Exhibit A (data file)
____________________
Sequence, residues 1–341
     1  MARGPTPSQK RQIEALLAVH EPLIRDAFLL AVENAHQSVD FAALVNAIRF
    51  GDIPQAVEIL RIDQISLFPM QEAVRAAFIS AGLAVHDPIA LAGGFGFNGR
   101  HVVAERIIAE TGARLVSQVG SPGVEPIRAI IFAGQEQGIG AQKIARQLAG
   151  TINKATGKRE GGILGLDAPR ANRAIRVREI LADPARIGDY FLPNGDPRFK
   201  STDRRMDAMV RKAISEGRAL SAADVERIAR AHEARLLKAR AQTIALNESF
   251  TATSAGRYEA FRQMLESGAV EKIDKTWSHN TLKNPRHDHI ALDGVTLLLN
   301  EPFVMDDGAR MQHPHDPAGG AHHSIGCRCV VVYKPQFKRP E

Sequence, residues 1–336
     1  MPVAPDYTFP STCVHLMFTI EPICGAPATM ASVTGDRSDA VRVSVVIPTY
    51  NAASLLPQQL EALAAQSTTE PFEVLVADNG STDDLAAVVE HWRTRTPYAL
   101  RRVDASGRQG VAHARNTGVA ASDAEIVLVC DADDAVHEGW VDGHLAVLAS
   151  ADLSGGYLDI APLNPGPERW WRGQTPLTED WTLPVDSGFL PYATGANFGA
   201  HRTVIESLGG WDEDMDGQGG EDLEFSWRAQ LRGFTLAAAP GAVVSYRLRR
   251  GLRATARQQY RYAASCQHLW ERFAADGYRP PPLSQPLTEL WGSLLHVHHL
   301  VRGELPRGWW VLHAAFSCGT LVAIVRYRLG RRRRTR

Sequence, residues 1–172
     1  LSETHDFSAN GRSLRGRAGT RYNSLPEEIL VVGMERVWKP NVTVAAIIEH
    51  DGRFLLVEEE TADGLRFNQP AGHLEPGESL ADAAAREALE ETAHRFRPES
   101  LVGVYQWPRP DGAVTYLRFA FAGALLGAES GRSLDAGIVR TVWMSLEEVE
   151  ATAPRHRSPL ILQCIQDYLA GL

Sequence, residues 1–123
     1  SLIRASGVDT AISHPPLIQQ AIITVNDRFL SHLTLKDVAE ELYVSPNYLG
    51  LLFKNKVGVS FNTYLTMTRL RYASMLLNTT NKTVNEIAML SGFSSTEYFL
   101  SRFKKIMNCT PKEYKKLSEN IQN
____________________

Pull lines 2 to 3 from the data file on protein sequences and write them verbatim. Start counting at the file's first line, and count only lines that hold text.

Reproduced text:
     1  MARGPTPSQK RQIEALLAVH EPLIRDAFLL AVENAHQSVD FAALVNAIRF
    51  GDIPQAVEIL RIDQISLFPM QEAVRAAFIS AGLAVHDPIA LAGGFGFNGR